- Facebook executives took the stage at the Code Conference on Tuesday to defend the company's failure to anticipate how bad actors would use the platform.
- COO Sheryl Sandberg emphasized that threats are always evolving, and Facebook is trying to anticipate future threats, not just react.
How come nobody from Facebook got fired over the Cambridge Analytica data leak scandal?
That was the first question moderator Kara Swisher asked Facebook COO Sheryl Sandberg on stage at the Code Conference in Rancho Palos Verdes, California, on Tuesday.
"People do get fired," Sandberg said, but Facebook doesn't trot them out as examples.
But in the end, she said, responsibility belongs at the top. Mark Zuckerberg built the platform, and Sandberg and other members of the senior leadership team didn't anticipate well enough what would happen when all of humanity was using it.
Both Sandberg and Facebook CTO Mike Schroepfer tried to explain the difficulty of striking the right balance between free speech and safety on the platform. Schroepfer said there's a tension between "giving people tools for free expression, and really locking things down" by having human moderators read and vet every post on the site.
"We always had ways for people to control your data," he said, but now Facebook put it at the top of everybody's news feed and made it easy to delete it. "All of those controls existed, they were just harder to find for people, we just made them easier."
Addressing the reports of Russians using fake accounts to spread misinformation to sway the 2016 election, Sandberg once again said that they just didn't see it coming.
"Threats change," she said. In 2016, people were largely worried about spamming and phishing, following things like the Sony email hacks.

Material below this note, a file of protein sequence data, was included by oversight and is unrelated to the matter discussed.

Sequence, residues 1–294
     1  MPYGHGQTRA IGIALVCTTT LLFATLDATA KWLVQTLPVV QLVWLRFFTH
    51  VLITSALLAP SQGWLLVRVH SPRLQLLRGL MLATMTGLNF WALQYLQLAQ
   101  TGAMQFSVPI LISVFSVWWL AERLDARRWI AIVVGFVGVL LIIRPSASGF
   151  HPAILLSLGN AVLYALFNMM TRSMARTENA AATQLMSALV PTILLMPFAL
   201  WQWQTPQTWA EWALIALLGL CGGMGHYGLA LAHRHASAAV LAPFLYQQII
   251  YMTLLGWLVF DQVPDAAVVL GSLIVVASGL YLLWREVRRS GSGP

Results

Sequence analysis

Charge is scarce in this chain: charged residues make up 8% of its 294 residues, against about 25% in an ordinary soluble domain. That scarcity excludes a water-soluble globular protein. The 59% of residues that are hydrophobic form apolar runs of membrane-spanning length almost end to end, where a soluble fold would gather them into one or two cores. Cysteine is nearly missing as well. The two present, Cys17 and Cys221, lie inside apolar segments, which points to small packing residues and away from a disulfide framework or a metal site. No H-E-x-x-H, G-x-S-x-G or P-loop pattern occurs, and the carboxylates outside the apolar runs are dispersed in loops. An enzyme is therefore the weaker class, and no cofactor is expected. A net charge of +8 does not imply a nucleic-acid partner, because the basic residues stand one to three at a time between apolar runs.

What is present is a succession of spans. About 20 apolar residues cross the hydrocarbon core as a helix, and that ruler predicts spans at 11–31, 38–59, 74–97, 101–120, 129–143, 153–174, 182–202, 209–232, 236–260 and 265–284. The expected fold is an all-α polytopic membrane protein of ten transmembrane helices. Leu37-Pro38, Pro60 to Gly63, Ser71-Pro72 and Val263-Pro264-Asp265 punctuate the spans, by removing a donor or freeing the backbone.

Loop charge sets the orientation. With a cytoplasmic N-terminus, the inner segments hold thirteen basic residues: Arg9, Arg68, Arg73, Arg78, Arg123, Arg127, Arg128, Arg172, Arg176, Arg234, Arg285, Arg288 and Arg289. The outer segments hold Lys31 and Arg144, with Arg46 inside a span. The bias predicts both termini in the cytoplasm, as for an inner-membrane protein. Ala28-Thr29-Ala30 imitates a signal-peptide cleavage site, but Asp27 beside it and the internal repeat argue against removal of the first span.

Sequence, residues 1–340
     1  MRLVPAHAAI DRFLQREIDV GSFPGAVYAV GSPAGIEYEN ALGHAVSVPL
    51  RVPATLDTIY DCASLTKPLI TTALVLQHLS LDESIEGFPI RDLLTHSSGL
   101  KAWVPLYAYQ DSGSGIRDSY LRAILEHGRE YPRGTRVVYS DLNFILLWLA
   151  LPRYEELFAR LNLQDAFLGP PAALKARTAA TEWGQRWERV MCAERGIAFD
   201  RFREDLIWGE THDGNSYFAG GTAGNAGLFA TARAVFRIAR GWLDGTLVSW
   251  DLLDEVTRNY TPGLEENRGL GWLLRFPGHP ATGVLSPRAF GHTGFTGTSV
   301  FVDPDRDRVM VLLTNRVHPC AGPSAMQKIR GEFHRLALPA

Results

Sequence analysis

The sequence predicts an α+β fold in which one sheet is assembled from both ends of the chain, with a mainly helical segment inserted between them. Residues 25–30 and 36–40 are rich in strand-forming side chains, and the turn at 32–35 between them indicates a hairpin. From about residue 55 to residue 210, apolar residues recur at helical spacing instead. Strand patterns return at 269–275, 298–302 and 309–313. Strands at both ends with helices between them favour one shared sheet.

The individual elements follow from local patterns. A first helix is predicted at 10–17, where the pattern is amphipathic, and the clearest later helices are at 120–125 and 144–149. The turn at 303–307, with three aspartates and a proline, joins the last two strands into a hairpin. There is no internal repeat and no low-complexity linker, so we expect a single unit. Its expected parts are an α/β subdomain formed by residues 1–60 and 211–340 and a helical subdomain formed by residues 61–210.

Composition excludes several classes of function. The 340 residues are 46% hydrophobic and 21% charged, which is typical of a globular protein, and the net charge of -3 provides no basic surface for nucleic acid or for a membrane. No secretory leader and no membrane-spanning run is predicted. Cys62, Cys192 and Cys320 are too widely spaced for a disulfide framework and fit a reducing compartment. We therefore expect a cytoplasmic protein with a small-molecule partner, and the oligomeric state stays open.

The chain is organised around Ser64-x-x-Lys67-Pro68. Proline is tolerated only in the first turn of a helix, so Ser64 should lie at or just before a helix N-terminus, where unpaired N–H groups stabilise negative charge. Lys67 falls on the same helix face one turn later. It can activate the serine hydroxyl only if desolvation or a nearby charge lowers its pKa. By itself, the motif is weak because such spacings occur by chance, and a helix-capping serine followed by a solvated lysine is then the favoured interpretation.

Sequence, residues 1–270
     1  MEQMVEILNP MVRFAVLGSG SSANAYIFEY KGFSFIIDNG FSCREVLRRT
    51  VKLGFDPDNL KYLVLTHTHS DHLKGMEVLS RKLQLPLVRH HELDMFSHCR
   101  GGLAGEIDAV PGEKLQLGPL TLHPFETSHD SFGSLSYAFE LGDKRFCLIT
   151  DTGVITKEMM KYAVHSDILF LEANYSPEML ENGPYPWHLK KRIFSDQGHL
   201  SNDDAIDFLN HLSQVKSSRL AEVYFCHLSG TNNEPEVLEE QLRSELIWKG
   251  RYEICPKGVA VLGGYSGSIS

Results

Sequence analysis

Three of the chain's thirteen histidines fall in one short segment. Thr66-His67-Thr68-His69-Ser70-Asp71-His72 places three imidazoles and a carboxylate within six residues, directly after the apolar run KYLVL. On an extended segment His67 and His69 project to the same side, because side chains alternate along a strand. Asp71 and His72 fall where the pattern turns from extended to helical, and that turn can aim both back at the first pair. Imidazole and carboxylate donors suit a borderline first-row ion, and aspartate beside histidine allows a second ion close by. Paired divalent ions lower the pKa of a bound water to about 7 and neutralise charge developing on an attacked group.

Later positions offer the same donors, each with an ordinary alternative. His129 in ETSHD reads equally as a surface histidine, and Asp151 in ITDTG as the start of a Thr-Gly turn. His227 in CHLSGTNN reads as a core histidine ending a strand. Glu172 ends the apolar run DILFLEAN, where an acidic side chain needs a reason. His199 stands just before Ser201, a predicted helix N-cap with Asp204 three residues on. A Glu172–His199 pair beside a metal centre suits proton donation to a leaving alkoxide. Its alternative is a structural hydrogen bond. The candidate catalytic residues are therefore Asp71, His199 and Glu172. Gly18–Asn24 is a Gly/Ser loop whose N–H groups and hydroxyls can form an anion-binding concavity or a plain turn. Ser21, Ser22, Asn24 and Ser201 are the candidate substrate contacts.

"We didn't see coming a different kind of more insidious threat, but once we saw it, we did publish a white paper" and made a series of changes. She said Facebook is taking strong steps for the 2018 midterm elections and the company looks forward to facing the challenge of bad actors trying to use Facebook to influence the results.
Sandberg also said that Facebook was thinking about how to disrupt the economic incentives that existed for generating outrageous stories -- for example by taking clickbait farms out of Facebook's ad networks.
Sandberg argued that Facebook should not be broken up under antitrust laws, noting that there are safety benefits to having multiple products under the same company's control.
"If you are doing child exploitative content, WhatsApp is encrypted," she said, meaning it could allow criminals to exchange information without getting caught. But Facebook will know who they are when they post publicly on that platform and will be able to suspect their WhatsApp accounts as well.
Schroepfer also said that the company is working on allowing users to delete all information that Facebook has on them, similar to clearing information like cookies and sites visited from a web browser.
Finally, Sandberg noted that the company is making "huge investments" that will affect profitability to make the platform safer and prevent these kinds of abuse.
"It's the biggest cultural shift I've seen in the whole history of the company," said Schroepfer.